Fr. Charles Irvin
Job 7:1-4, 6-7; 1 Corinthians 9:16-19, 22-23; Mark 1:29-39
Henry David Thoreau once wrote: “The mass of men lead lives of quiet desperation.” One such person comes to us this morning in today’s first reading. He name is Job. I’m sure most of you are familiar with his story that comes to us from the Old Testament.
We enter his story today finding Job as a successful businessman, enjoying good health, some considerable wealth, at the peak of happiness, surrounded by a loving family, and married to a good wife.
But good fortune is like the wind. Suddenly everything changes. Savage bandits slaughter his servants steal his flocks from him. A dreadful desert storm takes the lives of all his children. Under terrible pressure and stress his health fails and his entire body is covered with painful sores, the physical consequences, no doubt, of unendurable inner pain. In the end, his beloved wife tells him to “curse God and die.” And the reaction of his friends? “Well,” they tell him, “God is punishing you for some horrible secret sins in your life.”
We hear similar judgments in our own day when misfortune befalls people.
But while most of us have not suffered to the extend Job suffered (although I’ve known some who have), most of us have experienced what was sen forth in today’s first reading — never-ending sleepless nights filled with fear, anxiety, guilt, and self-punishment. Some have felt tempted to literally curse God and die. Certainly many have cursed the Church and died.
And then there are the days that follow those nights… long, long days filled with drudgery, pain, and hopelessness, days that appear one after another without end. Some of you here this morning see nothing but those days and nights stretching out endlessly ahead of you.
There’s something special about a man or woman who has been born into great wealth, suffered the loss of it all, and then rebuilt his or her life back up again from nothing. I knew such a person – he was my father. He was a man acquainted with the task of facing life without hope of ever returning to his original comfortable state in life.
Then there’s the loss through sudden death of people whom we love and care for, or loss through lingering illness followed finally by a merciful death. I’m not sure which is more painful, sudden loss of life or loss through long, lingering, and slow diminishments ending in a final death by exhaustion. Those of you acquainted with Alzheimer’s disease know what I am talking about.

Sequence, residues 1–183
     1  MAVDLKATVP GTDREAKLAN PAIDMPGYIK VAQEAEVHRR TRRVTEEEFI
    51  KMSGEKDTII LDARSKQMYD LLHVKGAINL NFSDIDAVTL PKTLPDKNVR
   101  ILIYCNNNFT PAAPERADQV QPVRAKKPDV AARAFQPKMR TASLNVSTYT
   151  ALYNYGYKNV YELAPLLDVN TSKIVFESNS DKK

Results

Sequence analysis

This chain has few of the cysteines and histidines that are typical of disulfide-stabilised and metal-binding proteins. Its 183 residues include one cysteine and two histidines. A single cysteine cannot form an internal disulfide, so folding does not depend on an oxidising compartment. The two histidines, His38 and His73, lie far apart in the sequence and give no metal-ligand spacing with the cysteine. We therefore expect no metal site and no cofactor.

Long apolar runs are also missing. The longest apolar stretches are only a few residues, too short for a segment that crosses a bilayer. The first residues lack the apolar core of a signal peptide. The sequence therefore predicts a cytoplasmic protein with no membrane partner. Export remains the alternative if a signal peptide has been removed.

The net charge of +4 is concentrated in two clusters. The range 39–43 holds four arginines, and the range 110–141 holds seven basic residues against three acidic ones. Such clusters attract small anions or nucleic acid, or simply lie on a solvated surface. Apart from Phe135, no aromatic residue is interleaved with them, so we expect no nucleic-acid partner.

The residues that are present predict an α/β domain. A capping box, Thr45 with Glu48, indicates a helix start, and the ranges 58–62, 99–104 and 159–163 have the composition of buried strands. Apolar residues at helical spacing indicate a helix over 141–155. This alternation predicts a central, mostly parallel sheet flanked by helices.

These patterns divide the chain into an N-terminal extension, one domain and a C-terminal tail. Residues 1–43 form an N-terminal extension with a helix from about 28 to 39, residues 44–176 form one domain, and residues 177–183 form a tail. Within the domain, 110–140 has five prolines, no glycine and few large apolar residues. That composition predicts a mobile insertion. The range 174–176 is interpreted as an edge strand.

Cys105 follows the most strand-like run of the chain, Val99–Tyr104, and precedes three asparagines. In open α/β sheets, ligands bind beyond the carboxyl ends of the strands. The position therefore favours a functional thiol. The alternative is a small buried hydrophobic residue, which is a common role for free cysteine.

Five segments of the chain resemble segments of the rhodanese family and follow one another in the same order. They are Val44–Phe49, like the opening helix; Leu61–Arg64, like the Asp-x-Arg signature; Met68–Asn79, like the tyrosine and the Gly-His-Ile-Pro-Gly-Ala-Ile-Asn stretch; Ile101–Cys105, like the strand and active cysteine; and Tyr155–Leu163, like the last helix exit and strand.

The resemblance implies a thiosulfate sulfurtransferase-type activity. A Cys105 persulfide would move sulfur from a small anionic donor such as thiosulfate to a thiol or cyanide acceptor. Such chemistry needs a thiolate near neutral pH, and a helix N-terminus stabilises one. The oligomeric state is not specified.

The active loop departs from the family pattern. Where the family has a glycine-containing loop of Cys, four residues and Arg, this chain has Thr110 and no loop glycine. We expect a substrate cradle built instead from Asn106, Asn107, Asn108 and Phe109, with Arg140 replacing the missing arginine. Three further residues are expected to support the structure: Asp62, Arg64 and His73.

Many who have greatly suffered have likewise faced the temptation to curse heaven, blame God, and then resolve to die in nothingness. Living life over the long haul while carrying a load of hidden pain and loss that few realize is a daunting challenge to faith. The temptation to blame God and then stoically endure death is a very real temptation for many people you and I have known.
Finally there was Job’s wife, the woman he lived with a loved throughout his entire ordeal. In the end he suffered a pain worse than being impoverished, suffering terrible losses, and then finally turning into a physical wreck covered with sores. The one he trusted, loved, and depended upon, the one he cherished, walked out on him while advising him to “curse God and die.” That’s polite biblical language covering over what she was really saying: “God to hell, Job!”
Jesus, whom we find in today’s Gospel, was awash in human pain, suffering, neediness, and loss, set out in the face of it all to pray. He turned directly to God His Father in heaven. Indeed in the Garden of Gethsemani He personally experienced it all, sweating blood because of its intensity. Job is a prefiguring shadow of Christ before Christ came among us to take on our suffering. Job, in the end, kept his faith in God. At the end of the Book of Job we find him talking with God, saying: “I had heard of you by word of mouth, but now my eyes have seen you.” At the end of Christ’s life we find Jesus surrendering Himself to His Father in heaven, trusting and believing in His Father through horrible suffering unto death.
Jesus, in His lifetime, cried out to us: “You have eyes to see and ears to hear.” He challenges us to seek God and find Him, to hear God, to trust in His Word, and to receive His love in good times and in bad. Jesus challenges us to do that in the midst of whatever life throws at us, in success and in failure, in gain and in loss, in sickness and in health, in happiness and in suffering. Jesus reveals to us that God our Father is with us in it all and through it all, in spite of our pathetic complaints about where God is while we suffer, along with our observations about other people’s sins and our petty judgments about who is saved and who is damned.
Job and Jesus give us testimony. They are witnesses to the presence of God in the core of our humanity and in all of life.
So when you are tempted to despair, remember Job and receive Jesus. For Christ Jesus, our Savior, gives us this day, right here on this altar, our daily bread, the Bread of Life that will sustain us as we face all that this world would strip away from us. It is bread made of ground kernels of wheat, along with wine that comes from smashed grapes. It is given to us in our human brokenness, a brokenness that Jesus entered into all the way through death itself. It is the Bread of Life given to us by our Father to nourish our starving souls and thirsting hearts, given to us by Christ Jesus, a man acquainted with suffering, our suffering, and whose life even death itself could not extinguish.
That life, O Christian, is yours! Job believed in it. Jesus gave it to you. And it’s yours, O Christian. It’s all yours for the taking.